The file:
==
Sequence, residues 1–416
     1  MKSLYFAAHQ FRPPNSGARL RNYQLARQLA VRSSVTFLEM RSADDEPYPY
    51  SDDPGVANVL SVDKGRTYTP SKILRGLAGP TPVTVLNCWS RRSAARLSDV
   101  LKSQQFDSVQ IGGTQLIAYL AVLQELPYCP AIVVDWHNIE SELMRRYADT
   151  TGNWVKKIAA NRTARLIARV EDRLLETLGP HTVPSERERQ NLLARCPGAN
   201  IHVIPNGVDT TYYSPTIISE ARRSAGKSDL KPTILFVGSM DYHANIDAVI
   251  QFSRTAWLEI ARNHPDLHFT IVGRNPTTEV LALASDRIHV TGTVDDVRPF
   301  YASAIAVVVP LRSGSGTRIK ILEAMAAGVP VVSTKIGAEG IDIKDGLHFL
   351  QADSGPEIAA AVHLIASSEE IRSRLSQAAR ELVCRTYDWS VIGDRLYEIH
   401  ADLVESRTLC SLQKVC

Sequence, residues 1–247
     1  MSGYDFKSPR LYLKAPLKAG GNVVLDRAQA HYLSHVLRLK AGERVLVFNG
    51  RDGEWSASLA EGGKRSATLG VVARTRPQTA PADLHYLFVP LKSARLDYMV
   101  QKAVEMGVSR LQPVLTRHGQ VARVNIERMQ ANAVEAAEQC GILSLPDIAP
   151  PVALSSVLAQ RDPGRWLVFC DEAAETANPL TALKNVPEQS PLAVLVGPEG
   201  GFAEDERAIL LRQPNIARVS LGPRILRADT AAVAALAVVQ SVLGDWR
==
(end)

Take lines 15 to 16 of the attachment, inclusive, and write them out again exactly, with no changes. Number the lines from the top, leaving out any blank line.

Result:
   151  PVALSSVLAQ RDPGRWLVFC DEAAETANPL TALKNVPEQS PLAVLVGPEG
   201  GFAEDERAIL LRQPNIARVS LGPRILRADT AAVAALAVVQ SVLGDWR